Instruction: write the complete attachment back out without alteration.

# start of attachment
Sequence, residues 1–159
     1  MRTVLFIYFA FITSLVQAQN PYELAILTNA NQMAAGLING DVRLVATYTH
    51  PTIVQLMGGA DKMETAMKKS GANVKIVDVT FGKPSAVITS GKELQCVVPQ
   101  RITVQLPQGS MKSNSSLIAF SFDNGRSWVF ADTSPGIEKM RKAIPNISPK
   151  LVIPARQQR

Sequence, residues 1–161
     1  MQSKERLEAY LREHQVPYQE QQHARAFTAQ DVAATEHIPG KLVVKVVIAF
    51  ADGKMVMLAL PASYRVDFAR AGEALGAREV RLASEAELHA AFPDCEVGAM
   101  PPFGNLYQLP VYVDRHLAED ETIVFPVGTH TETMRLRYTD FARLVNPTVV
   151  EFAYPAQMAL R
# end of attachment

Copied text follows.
Sequence, residues 1–159
     1  MRTVLFIYFA FITSLVQAQN PYELAILTNA NQMAAGLING DVRLVATYTH
    51  PTIVQLMGGA DKMETAMKKS GANVKIVDVT FGKPSAVITS GKELQCVVPQ
   101  RITVQLPQGS MKSNSSLIAF SFDNGRSWVF ADTSPGIEKM RKAIPNISPK
   151  LVIPARQQR

Sequence, residues 1–161
     1  MQSKERLEAY LREHQVPYQE QQHARAFTAQ DVAATEHIPG KLVVKVVIAF
    51  ADGKMVMLAL PASYRVDFAR AGEALGAREV RLASEAELHA AFPDCEVGAM
   101  PPFGNLYQLP VYVDRHLAED ETIVFPVGTH TETMRLRYTD FARLVNPTVV
   151  EFAYPAQMAL R